Network Info

Network is included by two or more computers that are linked to share resources (such as printers and CDs), exchange files, or allow electronic communications. NetworkManager is the configuration of the network on the interfaces, which is the software utility that aims to simplify the use of computer networks.



Check the connection

To ensure​the network connection, go through the following conditions below:

  1. Your network interface is listed and enabled. Otherwise, check the device driver.
  2. Making sure that you are connected with a network cable or connected to the wireless LAN.
  3. Your network interface has an IP Address.
  4. You can ping a local IP Address (e.g. The default gateway.)
  5. You can also ping a public IP Address(e.g. The google DNS server).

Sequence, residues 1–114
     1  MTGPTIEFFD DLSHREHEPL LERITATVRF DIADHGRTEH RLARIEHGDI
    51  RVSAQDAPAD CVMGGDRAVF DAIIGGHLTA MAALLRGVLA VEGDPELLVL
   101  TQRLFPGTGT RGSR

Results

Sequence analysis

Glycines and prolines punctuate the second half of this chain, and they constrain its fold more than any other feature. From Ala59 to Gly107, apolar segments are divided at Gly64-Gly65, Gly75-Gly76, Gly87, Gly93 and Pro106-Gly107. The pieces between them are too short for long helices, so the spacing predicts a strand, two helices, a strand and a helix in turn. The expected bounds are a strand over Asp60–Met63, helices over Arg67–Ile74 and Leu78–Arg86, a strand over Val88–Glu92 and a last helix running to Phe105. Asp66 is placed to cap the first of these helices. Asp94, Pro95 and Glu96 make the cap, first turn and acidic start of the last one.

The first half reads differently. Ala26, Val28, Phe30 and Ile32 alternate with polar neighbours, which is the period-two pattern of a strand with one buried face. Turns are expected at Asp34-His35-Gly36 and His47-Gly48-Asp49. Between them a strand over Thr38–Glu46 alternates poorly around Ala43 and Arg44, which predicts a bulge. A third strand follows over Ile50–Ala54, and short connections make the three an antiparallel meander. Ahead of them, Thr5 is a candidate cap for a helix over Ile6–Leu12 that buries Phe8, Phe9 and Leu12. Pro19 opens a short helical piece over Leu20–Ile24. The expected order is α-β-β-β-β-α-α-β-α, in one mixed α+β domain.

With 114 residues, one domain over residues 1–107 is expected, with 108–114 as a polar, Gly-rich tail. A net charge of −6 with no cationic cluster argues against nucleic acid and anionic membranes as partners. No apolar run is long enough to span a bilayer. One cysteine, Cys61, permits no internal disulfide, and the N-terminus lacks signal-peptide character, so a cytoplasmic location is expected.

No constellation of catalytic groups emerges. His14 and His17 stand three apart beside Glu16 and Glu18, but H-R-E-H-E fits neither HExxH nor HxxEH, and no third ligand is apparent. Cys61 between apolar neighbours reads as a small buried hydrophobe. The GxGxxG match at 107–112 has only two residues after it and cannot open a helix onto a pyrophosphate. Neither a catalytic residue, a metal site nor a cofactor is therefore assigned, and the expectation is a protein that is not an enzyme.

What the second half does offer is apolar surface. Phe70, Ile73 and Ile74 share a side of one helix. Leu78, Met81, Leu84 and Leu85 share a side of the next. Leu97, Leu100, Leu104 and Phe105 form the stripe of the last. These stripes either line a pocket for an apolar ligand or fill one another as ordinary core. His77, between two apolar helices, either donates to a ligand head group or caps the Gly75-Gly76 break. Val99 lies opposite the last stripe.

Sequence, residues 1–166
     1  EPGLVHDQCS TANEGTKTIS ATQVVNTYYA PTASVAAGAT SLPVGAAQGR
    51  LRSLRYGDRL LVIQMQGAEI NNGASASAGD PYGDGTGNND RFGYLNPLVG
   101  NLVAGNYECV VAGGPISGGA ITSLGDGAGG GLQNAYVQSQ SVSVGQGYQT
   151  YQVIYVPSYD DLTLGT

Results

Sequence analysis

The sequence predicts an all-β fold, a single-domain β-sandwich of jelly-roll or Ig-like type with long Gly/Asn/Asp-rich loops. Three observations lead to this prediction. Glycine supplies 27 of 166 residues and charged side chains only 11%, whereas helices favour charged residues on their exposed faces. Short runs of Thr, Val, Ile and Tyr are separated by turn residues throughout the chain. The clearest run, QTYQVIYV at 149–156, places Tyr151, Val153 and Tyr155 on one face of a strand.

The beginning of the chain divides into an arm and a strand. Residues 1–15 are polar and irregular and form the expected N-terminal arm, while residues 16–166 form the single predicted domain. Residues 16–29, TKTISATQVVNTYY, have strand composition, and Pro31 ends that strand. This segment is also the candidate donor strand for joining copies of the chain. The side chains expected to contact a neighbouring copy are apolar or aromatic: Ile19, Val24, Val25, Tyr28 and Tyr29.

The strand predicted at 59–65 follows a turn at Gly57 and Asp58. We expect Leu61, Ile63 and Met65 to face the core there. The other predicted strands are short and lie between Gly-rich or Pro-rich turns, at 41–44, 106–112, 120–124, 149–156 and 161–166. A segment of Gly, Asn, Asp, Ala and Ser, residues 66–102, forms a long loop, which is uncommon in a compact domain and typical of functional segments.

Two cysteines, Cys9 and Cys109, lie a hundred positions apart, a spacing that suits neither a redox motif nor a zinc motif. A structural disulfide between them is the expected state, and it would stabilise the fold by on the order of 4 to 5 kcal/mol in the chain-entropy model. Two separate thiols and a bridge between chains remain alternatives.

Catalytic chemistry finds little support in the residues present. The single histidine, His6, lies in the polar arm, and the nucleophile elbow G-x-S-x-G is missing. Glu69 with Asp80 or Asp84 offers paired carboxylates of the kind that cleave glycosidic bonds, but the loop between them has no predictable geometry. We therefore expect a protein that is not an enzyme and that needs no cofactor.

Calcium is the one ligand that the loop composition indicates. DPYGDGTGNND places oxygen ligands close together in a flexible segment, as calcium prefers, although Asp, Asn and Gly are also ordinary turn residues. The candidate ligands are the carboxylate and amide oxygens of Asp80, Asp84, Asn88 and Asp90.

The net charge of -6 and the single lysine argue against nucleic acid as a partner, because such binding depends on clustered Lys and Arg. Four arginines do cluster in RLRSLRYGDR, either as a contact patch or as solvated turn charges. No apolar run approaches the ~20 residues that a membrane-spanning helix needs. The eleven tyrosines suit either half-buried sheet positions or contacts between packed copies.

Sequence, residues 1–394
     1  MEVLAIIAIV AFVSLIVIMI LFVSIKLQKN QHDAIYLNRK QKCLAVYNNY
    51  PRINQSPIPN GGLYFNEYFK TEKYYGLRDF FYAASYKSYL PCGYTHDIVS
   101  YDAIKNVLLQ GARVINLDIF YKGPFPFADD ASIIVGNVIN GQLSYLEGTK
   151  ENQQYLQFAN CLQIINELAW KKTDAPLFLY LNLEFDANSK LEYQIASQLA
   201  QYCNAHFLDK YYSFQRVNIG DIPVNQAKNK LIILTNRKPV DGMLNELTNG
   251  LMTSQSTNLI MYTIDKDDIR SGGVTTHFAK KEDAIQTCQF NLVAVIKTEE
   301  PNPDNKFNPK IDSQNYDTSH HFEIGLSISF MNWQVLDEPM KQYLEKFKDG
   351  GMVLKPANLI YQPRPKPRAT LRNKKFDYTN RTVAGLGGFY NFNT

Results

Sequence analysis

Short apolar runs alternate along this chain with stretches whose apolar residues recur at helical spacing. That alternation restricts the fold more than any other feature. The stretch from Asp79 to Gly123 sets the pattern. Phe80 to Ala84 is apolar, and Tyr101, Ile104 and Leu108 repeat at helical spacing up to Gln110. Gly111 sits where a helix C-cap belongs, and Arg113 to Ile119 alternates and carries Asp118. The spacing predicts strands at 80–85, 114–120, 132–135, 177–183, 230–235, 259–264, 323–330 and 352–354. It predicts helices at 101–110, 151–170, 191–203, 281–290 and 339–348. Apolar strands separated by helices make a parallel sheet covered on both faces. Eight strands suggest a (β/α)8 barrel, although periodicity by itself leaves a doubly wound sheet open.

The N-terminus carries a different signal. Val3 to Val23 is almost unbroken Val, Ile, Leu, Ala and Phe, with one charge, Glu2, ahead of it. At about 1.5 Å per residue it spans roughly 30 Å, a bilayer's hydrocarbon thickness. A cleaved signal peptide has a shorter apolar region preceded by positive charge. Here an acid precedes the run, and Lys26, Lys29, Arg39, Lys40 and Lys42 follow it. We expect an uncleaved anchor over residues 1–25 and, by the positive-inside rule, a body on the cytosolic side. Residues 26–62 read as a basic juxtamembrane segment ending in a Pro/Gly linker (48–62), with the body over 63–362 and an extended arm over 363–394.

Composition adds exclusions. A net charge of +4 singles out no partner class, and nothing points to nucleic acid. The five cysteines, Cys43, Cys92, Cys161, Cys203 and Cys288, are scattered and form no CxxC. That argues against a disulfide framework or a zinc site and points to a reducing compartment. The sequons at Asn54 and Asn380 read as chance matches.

Reset Network Manager Service

This is the easiest way to restart your network using the command line. It’s equivalent to the graphical way of doing it (restarts the Network-Manager service).

sudo service network-manager restart

The network icon should disappear for a moment and then reappear.

Reset System of Network Manager

The service command is just a wrapper for this method (and also for init.d scripts and Upstart commands). The systemctl command is much more versatile than service. This is what I usually prefer.

sudo systemctl restart NetworkManager.service

The network icon (again) should disappear for a moment. To check out other systemctl options, you can refer to its man page.

Turn OFF and ON Network Manager

This is yet another tool for handling networks. It is a pretty powerful tool that you can find it very practical. Many sysadmins prefer it since it is easy to use.

There are two steps to this method: turning the network off, and then turning it back on.

sudo nmcli networking off
sudo nmcli networking on

You can check out the man page of nmcli for more options.

Ping address

Ping has been used as the command for testing if you have reached to a host or not.

ping www.example.com

Down here is the example:

[email protected]$~ ping www.google.com